It’s a Wonderful Life, produced via Zoom on December 31, 2020, was a milestone experience for cast members, some of whom came to the production with extensive acting experience, and some who are newly minted. Despite challenges of working ‘in a vacuum,’ home alone with their computer screens while striving to convey all of their characters’ emotions, the show hit all of the notes of Frank Capra’s original, and both audiences and actors were pleased.
“This was my first time performing over Zoom and I thought it was phenomenal,” enthused Anson Bergonzi, who Zoomed in from his living room in East Machias to play Uncle Billy Bailey (an encore of his role in last year’s in-person It’s a Wonderful Life). “It was, I’d say, a nearly equally enjoyable format as performing in person, albeit a very different experience.
“I loved getting to see the audience joining, getting a small glimpse at each of the people safe inside their homes,” added Bergonzi. “The instant messages from them were a delightful interaction that normally isn’t possible with a live performance. AND my buddy from the state of Washington was able to catch the second half of the show!”
“I definitely had some angst at not only doing this big show over Zoom, but stepping into the shoes of a character and actor that I have loved for my entire life,“ confessed Frank Schuth, who played George Bailey from his desk in Somerville, MA. In response to kudos for his warm and accessible acting and chemistry with costar Audrey Bradbury, Frank praised his onscreen partner: “With all the impersonality of Zoom, she was easy to engage with and made my job a lot easier in those scenes.”
Bradbury, a theater student in Farmington who reprised her 2019 role this year, chimed in, “It was nice to be in a Zoom play because as someone pursuing a degree in theater, I haven’t been able to participate in theater as much as I would have liked to in the past year!”
“I was at my computer in my kitchen during the performance,” wrote Rosalie Woodward from Lubec, who played Mary Hatch’s mother in both the 2019 live and 2020 Zoom productions. Woodward expressed that though the Zoom interface ‘flattens’ actors’ work, she is grateful for opportunities to interact with family and friends via the new media.“With the daily increase in COVID, it is wonderful to be safely continuing to do things that are pleasurable.”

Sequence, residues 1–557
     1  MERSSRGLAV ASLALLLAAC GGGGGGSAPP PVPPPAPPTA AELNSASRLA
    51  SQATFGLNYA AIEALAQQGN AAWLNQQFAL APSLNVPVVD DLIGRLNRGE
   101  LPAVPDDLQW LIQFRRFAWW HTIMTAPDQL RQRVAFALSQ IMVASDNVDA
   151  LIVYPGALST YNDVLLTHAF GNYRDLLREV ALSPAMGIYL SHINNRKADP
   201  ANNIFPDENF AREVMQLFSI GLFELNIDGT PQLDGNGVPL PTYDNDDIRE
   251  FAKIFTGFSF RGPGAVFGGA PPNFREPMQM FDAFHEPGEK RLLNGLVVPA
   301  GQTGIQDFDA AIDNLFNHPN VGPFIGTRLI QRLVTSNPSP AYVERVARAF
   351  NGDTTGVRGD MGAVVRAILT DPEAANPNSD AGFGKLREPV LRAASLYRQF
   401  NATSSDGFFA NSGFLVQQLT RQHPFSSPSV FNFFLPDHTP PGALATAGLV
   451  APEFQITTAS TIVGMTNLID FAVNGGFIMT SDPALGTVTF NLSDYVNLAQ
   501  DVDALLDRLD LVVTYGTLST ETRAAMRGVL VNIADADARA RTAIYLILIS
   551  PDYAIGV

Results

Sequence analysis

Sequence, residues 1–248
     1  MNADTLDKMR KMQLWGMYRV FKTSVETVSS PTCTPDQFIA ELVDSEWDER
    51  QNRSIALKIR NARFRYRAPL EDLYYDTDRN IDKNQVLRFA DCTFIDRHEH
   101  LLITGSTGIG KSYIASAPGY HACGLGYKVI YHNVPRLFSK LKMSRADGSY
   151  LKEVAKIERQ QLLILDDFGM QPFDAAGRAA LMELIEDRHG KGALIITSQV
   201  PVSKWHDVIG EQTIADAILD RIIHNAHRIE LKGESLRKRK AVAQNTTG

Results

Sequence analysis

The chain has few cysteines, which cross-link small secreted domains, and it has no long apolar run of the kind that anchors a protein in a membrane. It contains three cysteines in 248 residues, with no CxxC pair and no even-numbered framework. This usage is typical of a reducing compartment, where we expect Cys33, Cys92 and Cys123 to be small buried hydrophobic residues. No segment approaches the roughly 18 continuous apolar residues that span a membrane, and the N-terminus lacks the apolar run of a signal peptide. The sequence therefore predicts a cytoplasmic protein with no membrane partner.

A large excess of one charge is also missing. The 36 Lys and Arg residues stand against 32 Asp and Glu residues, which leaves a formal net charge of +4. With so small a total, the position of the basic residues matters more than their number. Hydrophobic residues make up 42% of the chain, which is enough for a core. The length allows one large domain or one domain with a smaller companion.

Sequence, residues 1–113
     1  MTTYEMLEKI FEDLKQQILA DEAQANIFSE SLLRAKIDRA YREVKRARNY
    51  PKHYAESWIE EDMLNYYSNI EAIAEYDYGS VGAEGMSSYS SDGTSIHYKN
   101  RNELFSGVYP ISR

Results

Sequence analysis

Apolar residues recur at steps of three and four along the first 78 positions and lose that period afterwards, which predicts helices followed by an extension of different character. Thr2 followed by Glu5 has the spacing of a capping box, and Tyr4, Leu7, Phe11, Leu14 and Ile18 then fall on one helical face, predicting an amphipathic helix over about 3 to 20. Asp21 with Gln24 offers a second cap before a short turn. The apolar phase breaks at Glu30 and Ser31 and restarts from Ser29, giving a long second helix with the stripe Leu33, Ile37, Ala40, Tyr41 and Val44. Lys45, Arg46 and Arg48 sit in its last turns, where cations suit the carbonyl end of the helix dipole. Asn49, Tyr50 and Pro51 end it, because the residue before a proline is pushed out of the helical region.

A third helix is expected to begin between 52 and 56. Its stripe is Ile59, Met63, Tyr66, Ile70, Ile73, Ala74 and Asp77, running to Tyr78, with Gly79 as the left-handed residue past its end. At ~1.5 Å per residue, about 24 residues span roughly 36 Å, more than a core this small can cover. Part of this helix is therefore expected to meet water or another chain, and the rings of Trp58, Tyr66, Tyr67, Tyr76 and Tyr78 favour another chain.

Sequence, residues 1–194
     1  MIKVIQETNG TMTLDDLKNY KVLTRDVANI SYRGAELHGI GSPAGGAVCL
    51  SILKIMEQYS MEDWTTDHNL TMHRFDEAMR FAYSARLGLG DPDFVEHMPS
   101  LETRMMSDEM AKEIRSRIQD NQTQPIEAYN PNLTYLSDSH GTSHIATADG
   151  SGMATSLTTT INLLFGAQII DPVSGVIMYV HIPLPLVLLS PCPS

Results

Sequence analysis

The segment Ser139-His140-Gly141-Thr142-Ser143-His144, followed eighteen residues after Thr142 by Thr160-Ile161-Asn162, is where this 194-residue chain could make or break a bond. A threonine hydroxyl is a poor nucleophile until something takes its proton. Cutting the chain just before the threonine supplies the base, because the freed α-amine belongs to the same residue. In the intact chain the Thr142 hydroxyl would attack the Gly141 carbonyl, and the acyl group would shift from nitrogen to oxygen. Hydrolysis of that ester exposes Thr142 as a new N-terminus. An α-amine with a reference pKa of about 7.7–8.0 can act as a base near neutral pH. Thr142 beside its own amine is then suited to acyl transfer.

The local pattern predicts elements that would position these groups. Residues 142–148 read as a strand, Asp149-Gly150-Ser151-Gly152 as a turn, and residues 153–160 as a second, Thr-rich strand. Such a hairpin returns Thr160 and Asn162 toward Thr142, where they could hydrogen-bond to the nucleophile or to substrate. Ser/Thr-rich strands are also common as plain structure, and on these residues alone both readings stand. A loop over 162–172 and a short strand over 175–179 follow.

“It’s not the ideal medium for theater,” said Kathleen Dunbar, another Stage East regular who Zoomed in from Perry to play Peter Bailey, Bert, and the baffled bank teller. “I think everyone made the best of it and people put as much pizazz and personality into it as we could. The important thing is that it was very well received by the audience!” (Kathleen was another contributor to both the 2019 and 2020 shows; she was one of the ‘foley girls’ alongside Caitlyn Stellrecht for the live show).
“When doing anything over Zoom the biggest concern is if it will be dull. This is doubly true if you are trying to do a play,” wrote Henry Schuth who played Harry Bailey and Nick, striving to transcend the confines of the Zoom platform with his physical acting. “While the script was edited to cut out the scenes that relied on visuals, it wasn’t exactly a radio play, as the actors are almost painfully exposed on the screen. This made me want to get creative!”
“Playing Harry Bailey I had one of the first big visual moments when Harry falls through the ice,” continued Henry. “In the first rehearsal I almost jokingly fell off the bottom of the screen, but realized it was such a good visual I tweaked and improved it for the performance to really sell to the audience what was happening in that moment.“